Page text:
Dopamine (DA) replacement therapy with l-DOPA remains the most effective treatment for Parkinson's disease, but causes dyskinesia (abnormal involuntary movements) in the vast majority of the patients. The basic mechanisms of l-DOPA-induced dyskinesia (LID) have become the object of intense research focusing on neurochemical and molecular adaptations in the striatum. Here we review this vast literature and highlight trends that converge into a unifying pathophysiological interpretation. We propose that the core molecular alteration of striatal neurons in LID consists in an inability to turn down supersensitive signaling responses downstream of DA D1 receptors (where supersensitivity is primarily caused by DA denervation). The sustained activation of intracellular signaling pathways induced by each dose of l-DOPA leads to abnormal cellular plasticity and high bioenergetic expenditure. The over-exploitation of signaling pathways and energy reserves during treatment impairs the ability of striatal neurons to dynamically gate cortically driven motor commands. LID thus exemplifies a disorder where 'too much' molecular plasticity leads to plasticity failure in the striatum.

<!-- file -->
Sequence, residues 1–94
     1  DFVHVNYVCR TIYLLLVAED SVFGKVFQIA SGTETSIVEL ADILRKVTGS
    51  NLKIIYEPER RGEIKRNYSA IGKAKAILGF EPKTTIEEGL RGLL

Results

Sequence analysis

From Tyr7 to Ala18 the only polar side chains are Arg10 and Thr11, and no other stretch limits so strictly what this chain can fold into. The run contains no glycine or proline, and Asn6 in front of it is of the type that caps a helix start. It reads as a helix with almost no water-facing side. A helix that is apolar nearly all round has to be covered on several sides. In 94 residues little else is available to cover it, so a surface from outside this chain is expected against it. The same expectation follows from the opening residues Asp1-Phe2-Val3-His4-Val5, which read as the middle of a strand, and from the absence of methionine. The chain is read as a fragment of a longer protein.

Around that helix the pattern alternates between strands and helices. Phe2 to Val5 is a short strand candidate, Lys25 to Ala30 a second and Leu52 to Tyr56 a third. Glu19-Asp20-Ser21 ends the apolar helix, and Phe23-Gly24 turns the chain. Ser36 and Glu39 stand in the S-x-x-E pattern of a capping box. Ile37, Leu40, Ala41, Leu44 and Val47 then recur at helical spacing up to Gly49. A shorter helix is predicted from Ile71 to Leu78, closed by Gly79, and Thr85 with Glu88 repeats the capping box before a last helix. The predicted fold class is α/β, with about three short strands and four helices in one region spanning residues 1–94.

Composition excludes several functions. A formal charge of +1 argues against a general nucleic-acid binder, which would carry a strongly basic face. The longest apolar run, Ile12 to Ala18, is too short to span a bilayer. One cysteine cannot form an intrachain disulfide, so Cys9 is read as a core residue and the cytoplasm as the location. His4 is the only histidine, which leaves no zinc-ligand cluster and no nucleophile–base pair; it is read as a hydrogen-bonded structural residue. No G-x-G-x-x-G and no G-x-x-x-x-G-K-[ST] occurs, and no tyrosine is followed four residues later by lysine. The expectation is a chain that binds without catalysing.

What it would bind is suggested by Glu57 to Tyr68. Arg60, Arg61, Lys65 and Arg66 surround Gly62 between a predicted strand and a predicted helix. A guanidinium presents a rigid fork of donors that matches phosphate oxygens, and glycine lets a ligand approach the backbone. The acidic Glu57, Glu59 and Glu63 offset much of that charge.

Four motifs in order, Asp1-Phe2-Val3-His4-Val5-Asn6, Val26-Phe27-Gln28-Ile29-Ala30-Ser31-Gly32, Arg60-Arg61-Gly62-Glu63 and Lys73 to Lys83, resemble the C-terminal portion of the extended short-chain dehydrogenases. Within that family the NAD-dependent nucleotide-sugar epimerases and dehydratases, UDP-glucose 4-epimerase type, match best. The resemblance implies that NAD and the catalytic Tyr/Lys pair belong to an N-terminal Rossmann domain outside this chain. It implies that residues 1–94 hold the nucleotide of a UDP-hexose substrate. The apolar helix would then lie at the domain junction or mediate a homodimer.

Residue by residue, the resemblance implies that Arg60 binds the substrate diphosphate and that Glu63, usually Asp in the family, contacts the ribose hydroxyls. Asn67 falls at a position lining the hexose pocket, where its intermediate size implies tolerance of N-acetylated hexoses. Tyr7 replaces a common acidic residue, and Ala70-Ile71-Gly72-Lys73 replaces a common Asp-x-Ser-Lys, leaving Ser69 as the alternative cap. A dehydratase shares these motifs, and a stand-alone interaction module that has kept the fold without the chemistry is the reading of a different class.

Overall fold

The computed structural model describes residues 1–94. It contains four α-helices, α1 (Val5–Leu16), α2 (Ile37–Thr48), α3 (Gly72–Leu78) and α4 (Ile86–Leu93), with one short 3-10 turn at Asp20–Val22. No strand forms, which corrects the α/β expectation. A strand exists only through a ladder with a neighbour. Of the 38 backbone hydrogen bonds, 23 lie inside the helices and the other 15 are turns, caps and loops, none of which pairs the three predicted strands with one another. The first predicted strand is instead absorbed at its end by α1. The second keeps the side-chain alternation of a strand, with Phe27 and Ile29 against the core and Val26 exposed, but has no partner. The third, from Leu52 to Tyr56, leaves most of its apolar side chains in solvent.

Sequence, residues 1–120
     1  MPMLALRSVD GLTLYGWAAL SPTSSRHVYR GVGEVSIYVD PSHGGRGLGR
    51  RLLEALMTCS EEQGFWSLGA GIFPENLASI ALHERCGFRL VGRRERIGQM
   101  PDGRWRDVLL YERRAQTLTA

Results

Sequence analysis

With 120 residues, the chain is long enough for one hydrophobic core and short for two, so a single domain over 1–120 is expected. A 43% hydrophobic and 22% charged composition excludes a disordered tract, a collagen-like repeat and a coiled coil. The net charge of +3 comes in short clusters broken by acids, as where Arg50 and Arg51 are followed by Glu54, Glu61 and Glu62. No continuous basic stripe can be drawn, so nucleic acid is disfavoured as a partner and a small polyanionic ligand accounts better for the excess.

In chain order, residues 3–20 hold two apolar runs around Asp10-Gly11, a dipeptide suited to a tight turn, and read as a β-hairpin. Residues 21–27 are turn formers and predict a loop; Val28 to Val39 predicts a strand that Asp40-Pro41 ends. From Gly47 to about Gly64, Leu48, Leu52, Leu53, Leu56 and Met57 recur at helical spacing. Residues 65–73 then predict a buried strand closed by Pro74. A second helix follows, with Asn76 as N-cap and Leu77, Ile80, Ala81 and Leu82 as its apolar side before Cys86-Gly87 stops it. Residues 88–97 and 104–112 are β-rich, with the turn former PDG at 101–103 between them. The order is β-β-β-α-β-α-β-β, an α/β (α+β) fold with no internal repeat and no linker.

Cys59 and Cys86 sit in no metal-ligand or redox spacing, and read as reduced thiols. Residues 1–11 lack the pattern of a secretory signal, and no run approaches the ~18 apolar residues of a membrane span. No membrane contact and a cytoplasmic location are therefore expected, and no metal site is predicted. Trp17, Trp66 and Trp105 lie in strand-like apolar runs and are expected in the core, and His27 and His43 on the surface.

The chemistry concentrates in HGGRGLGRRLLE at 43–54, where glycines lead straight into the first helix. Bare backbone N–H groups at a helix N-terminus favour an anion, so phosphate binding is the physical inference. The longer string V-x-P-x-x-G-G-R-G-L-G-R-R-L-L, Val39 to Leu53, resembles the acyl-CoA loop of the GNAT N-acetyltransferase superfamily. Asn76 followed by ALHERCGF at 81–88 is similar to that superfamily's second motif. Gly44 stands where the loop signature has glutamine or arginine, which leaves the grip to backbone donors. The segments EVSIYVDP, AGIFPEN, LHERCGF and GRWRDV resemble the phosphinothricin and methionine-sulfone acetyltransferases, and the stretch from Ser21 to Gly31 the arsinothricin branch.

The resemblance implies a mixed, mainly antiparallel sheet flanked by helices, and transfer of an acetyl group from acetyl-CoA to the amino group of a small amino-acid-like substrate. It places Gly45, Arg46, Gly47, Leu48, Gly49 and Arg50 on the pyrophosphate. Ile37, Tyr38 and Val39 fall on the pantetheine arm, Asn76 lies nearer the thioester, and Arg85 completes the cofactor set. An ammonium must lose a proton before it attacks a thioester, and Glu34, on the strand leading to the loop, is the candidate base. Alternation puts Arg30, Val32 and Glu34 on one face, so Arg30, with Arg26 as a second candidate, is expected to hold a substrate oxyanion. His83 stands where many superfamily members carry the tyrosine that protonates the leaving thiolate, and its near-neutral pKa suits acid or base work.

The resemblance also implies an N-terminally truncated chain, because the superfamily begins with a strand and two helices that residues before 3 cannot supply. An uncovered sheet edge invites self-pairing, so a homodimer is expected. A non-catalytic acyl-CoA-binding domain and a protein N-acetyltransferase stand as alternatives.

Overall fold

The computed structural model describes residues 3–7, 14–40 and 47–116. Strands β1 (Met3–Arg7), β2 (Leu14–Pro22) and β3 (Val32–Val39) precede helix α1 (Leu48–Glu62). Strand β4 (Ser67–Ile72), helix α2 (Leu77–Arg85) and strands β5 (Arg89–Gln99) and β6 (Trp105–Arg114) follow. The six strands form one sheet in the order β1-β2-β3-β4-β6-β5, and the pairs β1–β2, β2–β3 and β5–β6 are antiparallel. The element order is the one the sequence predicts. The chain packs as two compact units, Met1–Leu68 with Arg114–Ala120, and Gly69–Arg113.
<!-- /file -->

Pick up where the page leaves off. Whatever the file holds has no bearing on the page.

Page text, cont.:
2010 Elsevier B.V. All rights reserved.